V. Taxation Arrangement between China and Hong Kong (to avoid double taxation)
Information in this part aims to highlight some tax issues affecting Hong Kong residents who are employed both in Hong Kong and in the Mainland.
On 11 February 1998 , Hong Kong and China signed the "Arrangement between the Mainland of China and the Hong Kong Special Administrative Region for the Avoidance of Double Taxation on Income" ( the Limited Arrangement ) to allocate the right to tax between the two jurisdictions on a reasonable basis to avoid double taxation of income.
On 21 August 2006 , both parties have signed a more comprehensive arrangement titled "Arrangement between the Mainland of China and the Hong Kong Special Administrative Region for the Avoidance of Double Taxation and the Prevention of Fiscal Evasion with respect to Taxes on Income"( the Comprehensive Arrangement ). The Comprehensive Arrangement has broadened the coverage of income by adding income from immovable property, associated enterprises, dividends, interest, royalties, capital gains, pensions and government services, etc.
Tax liabilities in Hong Kong
If a Hong Kong resident provides services both in the Mainland and in Hong Kong,
- the income derived from that person's Hong Kong employment will be wholly assessable irrespective of whether it has been paid by the Hong Kong employer or a Mainland enterprise. However, if that person has paid Mainland Individual Income Tax in respect of the income attributable to services rendered by him/her on the Mainland, he/she may apply for tax exemption for that part of income under the Inland Revenue Ordinance or for a tax credit under the Comprehensive Arrangement . In general, tax exemption provides greater tax relief than would be provided by tax credit; and
- the income derived from that person's non-Hong Kong employment will be assessed according to the number of days in Hong Kong irrespective of whether it has been paid by the overseas employer or a Mainland enterprise, provided that his/her visits to Hong Kong exceed 60 days and during which he/she renders services.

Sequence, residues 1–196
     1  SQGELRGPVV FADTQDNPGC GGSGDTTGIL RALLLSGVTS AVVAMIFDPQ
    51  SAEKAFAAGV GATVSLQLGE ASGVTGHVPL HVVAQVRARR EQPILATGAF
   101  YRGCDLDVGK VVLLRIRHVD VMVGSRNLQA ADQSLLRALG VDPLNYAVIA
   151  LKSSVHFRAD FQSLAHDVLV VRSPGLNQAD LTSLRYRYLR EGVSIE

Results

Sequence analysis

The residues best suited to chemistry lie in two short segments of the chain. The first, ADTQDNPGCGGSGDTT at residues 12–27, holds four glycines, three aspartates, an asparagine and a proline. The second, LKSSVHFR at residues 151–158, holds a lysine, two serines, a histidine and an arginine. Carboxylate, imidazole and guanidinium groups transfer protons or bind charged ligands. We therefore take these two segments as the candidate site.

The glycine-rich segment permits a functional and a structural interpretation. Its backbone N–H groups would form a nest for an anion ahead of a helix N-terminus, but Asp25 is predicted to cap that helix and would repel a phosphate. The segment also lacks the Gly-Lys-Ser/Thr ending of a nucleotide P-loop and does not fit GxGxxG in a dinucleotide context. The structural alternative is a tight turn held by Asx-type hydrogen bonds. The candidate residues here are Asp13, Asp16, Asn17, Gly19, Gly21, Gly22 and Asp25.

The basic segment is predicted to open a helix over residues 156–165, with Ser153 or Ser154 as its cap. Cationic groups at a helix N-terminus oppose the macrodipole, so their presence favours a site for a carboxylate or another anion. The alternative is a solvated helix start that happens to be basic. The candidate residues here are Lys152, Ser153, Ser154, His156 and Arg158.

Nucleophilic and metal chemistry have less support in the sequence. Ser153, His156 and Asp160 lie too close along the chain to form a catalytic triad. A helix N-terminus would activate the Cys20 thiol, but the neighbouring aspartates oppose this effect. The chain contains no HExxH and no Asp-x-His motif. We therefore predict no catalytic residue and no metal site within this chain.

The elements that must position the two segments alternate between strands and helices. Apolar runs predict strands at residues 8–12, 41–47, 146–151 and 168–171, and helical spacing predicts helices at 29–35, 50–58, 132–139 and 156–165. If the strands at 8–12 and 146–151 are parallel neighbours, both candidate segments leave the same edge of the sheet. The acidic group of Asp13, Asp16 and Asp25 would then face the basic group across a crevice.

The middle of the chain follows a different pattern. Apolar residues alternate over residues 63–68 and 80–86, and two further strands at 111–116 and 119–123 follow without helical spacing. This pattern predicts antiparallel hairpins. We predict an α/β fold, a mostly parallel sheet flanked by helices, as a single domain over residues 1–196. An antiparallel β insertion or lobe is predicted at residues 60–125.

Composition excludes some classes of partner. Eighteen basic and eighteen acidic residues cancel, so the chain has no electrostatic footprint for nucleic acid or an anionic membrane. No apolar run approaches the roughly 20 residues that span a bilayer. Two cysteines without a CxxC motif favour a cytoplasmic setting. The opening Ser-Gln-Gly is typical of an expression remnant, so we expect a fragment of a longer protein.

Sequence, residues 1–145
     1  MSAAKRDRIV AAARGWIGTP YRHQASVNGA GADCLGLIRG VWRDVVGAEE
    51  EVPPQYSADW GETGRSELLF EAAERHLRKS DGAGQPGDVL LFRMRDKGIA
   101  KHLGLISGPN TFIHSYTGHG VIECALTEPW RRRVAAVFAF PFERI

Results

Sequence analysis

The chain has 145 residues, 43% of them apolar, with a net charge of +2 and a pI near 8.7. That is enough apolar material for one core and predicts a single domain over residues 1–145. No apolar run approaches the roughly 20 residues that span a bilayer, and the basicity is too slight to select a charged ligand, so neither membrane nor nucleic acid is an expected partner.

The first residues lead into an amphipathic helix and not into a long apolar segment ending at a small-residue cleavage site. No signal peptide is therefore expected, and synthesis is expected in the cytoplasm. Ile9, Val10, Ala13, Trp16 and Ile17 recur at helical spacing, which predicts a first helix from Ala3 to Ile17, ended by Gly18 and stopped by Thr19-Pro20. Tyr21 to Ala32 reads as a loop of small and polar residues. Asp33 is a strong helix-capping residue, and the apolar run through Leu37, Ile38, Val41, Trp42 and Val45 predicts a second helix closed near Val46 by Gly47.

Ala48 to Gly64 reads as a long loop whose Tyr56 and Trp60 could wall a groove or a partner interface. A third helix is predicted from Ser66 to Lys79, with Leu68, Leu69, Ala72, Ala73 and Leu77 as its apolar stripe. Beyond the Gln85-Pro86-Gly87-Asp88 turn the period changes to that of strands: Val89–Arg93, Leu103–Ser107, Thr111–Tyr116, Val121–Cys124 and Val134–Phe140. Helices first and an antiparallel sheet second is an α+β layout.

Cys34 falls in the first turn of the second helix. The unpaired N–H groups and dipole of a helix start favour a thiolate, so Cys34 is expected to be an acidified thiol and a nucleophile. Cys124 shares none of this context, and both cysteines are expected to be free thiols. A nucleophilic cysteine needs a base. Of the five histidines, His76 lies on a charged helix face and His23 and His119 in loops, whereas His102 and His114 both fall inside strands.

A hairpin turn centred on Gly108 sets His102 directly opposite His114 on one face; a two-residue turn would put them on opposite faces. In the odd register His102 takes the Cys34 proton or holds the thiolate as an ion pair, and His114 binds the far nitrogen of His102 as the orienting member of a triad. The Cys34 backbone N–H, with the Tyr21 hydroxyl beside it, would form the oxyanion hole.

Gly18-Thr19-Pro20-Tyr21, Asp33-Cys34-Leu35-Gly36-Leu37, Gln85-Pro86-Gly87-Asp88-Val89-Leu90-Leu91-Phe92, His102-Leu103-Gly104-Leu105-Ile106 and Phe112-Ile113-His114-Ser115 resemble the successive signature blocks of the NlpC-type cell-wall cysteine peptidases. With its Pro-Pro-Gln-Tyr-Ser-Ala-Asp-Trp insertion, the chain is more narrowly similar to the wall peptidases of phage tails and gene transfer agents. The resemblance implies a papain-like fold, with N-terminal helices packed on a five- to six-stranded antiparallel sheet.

Tax liabilities in Mainland China
If a Hong Kong resident under his/her employment renders services on the Mainland only (i.e. services are not rendered whilst in Hong Kong), all the income from that employment will be regarded as attributable to services rendered on the Mainland. Such income is wholly chargeable to Mainland tax, irrespective of whether it is paid by a Mainland enterprise or an overseas employer (including a Hong Kong employer) UNLESS that person satisfies the three conditions as follows:
- the Hong Kong resident stays in the Mainland for a period or periods not exceeding in the aggregate 183 days in the calendar year concerned; and
- the income is paid by, or on behalf of, an employer who is not a resident of the Mainland; and
- the income is not borne by a permanent establishment or a fixed base, which the employer has in the Mainland.
If a Hong Kong resident under an employment renders services both in the Mainland and in Hong Kong, his/her Mainland tax liabilities will be determined as follows:
Aggregated periods of stay in the Mainland not exceeding 183 days
Income paid or borne by the Mainland entity will be chargeable to Mainland Individual Income Tax. Tax will be calculated on the chargeable income and then apportioned on time basis. Income paid by an overseas employer (including a Hong Kong employer) is not chargeable.
Aggregated periods of stay in the Mainland exceeding 183 days
The total income received from the Mainland entity and the overseas employer (including Hong Kong employer) will be chargeable to Mainland Individual Income Tax. Tax will be calculated on the total income and then apportioned on time basis.
Some frequently asked questions can be found on the website of the Inland Revenue Department. You may also read the Departmental Interpretation and Practice Notes No.44 issued by the IRD for more details about the Comprehensive Arrangement.
Making appeals or enquiries
A Hong Kong resident who wishes to dispute a tax assessment in Hong Kong may, by notice in writing to the Commissioner of Inland Revenue, Hong Kong, object to the assessment within one month after the date of the notice of assessment.
Where a Hong Kong resident considers that the Mainland tax imposed is not in line with the Arrangement, he/she should raise the issue with the relevant Mainland tax authority within the specified period (Note: If you cannot find out the contact details of Mainland tax authority, check with the Hong Kong Inland Revenue Department). If the matter could not be resolved, he/she may seek assistance from the Hong Kong IRD by submitting relevant information for examination. The IRD will consult the Mainland tax authority concerned, with a view to resolving the problem.
For enquiries on matters relating to the Arrangement, you may send an email to the IRD at firstname.lastname@example.org, or telephone: 187 8088.